The role of platelets in modulation of the immune response is not completely understood. The goal of this project is to investigate the immunomodulatory role of platelets in oropharyngeal candidiasis (OPC) caused by Candida albicans. Normally considered for their role in clotting, platelets are also important for protection against bacterial infection, via various mechanisms including regulation of neutrophil function. Platelets interact with Candida, yet the consequences of this interaction during OPC are unknown. The long-term goal is to understand the role of platelets in mucosal and disseminated fungal infection. This is a critical relationship to understand since fungal infections are a major complication for the immunocompromised including cancer and HIV+ patients. The overall objective of this application is to determine how platelets regulate the immune response during OPC. The central hypothesis is that platelets are required for effective protection against OPC. This hypothesis is based in part on preliminary data produced in the PI's laboratory. The rationale that underlies the proposed study is that once it is known how platelets regulate oral mucosal immunity, therapeutics involving platelets can be developed to effectively treat Candida infections. This hypothesis will be tested in the following three specific aims: 1) Assess the role of platelets in oral clearance of C. albicans; 2) Determine the mechanism(s) of dissemination of C. albicans after OPC; and 3) Identify how platelet deficiency affects IL-17-mediated immunity to OPC. Collaborators have developed a mouse strain in which platelet depletion can be induced and maintained for several weeks.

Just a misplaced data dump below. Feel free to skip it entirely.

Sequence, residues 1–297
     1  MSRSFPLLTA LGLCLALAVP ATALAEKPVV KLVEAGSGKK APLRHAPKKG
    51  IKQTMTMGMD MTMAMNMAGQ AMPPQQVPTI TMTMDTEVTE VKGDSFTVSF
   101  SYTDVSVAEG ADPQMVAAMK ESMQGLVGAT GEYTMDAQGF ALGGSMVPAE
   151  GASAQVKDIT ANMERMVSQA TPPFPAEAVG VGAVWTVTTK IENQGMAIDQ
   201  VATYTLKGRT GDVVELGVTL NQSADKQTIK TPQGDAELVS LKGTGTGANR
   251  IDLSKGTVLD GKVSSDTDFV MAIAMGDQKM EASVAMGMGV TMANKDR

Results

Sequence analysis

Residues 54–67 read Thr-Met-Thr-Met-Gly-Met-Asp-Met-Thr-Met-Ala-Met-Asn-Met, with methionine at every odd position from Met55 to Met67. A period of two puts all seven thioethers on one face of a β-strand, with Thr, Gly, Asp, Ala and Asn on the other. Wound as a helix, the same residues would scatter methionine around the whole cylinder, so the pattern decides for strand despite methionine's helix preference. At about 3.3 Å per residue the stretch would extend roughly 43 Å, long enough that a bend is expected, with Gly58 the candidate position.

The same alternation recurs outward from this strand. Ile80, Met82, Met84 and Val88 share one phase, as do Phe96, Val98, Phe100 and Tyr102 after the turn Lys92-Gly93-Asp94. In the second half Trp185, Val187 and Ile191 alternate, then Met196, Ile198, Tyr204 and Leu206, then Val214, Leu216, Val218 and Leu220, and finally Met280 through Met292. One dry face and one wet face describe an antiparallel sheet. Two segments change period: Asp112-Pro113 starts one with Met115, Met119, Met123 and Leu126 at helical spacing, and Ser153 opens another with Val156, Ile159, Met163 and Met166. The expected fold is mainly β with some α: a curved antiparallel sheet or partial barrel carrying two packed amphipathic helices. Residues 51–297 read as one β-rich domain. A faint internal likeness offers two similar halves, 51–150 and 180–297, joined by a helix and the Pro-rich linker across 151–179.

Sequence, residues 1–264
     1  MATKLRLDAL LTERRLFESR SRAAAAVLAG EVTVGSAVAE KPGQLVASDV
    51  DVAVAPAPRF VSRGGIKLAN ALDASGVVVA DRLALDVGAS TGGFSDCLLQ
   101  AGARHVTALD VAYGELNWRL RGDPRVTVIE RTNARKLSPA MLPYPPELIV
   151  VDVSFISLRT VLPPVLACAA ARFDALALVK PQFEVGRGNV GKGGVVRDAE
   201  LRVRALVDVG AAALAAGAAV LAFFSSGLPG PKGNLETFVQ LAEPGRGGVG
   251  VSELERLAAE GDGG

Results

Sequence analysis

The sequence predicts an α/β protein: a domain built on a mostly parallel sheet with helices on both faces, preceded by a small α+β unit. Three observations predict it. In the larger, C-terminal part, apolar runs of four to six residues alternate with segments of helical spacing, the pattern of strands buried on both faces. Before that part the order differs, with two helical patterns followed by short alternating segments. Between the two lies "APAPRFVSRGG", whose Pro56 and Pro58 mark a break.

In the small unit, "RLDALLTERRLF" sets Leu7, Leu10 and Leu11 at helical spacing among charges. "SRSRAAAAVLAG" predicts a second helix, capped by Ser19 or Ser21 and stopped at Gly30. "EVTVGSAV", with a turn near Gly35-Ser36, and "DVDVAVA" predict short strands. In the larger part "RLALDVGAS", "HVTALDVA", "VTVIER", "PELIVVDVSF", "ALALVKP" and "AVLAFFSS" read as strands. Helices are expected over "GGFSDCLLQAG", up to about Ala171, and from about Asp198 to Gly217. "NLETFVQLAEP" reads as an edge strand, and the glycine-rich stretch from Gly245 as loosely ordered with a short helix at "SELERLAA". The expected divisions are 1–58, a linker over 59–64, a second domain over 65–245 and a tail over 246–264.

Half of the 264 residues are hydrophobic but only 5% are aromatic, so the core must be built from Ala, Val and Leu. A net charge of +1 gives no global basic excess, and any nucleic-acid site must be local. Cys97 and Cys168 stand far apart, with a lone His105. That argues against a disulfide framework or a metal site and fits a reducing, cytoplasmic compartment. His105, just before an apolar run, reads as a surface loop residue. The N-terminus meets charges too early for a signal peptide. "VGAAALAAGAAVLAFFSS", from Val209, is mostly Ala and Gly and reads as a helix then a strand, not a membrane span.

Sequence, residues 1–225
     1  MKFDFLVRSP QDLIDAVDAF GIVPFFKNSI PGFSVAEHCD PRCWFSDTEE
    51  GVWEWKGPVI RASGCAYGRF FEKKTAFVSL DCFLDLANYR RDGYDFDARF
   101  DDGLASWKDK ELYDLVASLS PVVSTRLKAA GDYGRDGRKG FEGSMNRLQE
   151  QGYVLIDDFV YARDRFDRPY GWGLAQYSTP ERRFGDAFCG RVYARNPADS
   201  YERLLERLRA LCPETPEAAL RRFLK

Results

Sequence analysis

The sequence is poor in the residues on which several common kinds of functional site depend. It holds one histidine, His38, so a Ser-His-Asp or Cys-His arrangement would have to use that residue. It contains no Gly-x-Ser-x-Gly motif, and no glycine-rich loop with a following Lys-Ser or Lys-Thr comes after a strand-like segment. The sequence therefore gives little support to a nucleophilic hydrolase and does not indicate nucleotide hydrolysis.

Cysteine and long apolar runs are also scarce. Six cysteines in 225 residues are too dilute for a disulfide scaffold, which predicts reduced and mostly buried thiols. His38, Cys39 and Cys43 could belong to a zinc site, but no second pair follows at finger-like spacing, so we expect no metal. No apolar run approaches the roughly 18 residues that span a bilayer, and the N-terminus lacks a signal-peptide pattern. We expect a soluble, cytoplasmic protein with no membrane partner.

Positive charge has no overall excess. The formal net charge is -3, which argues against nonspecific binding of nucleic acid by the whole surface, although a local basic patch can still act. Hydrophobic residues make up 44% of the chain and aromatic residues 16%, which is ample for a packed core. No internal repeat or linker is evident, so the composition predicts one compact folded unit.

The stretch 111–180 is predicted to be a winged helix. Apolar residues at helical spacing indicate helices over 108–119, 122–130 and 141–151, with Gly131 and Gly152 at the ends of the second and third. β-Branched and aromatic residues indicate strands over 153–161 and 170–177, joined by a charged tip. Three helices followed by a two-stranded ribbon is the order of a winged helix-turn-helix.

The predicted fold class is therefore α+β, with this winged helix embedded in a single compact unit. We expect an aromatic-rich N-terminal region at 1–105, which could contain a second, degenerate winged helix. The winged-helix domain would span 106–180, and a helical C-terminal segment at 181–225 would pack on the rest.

In Aim 1, platelet-depleted mice will be subjected to a well-established model of acute OPC to determine susceptibility. Preliminary data indicate susceptibility of platelet-depleted mice to OPC, with an associated decrease in a protective neutrophil influx into the mucosa. How platelets influence neutrophil recruitment, activation and/or neutrophil extracellular trap formation will be determined. Preliminary data indicate that in the absence of platelets Candida disseminates to the kidney during OPC.
In Aim 2, mice will be infected to determine how platelets prevent fungus from breeching the mucosal barrier, and if Candida is detected in the blood how platelets contribute to clearance.
In Aim 3, flow cytometry will be employed to determine the cell populations regulated by platelets during OPC. IL-17, produced by innate lymphocytes including ??-T cells, is necessary for protection against acute OPC, via downstream regulation of neutrophils and defensins. How platelets intersect with the IL-17-pathway is unknown. Platelets regulate ??-T cells cells in other systems including melanoma, and preliminary data show that Il17 transcript and ??-T cells in tongue are significantly reduced in platelet-depleted mice compared to wild type. The approach of this study is innovative, because it shifts the focus to the immune regulatory capacity of platelets. The proposed research is significant, since with a more complete knowledge of the mediators regulating the inflammatory response, better therapeutics can be developed to clear Candida infections.
The oral epithelium is important in host protection against oral fungal infections caused by the commensal fungus Candida albicans, but the immune mediators and cell populations involved are not well understood. The proposed research is relevant to public health because Candida albicans can cause serious infections in patients with immune system defects. This proposal will study the role of platelets and innate immune cells in protection against disease caused by Candida albicans.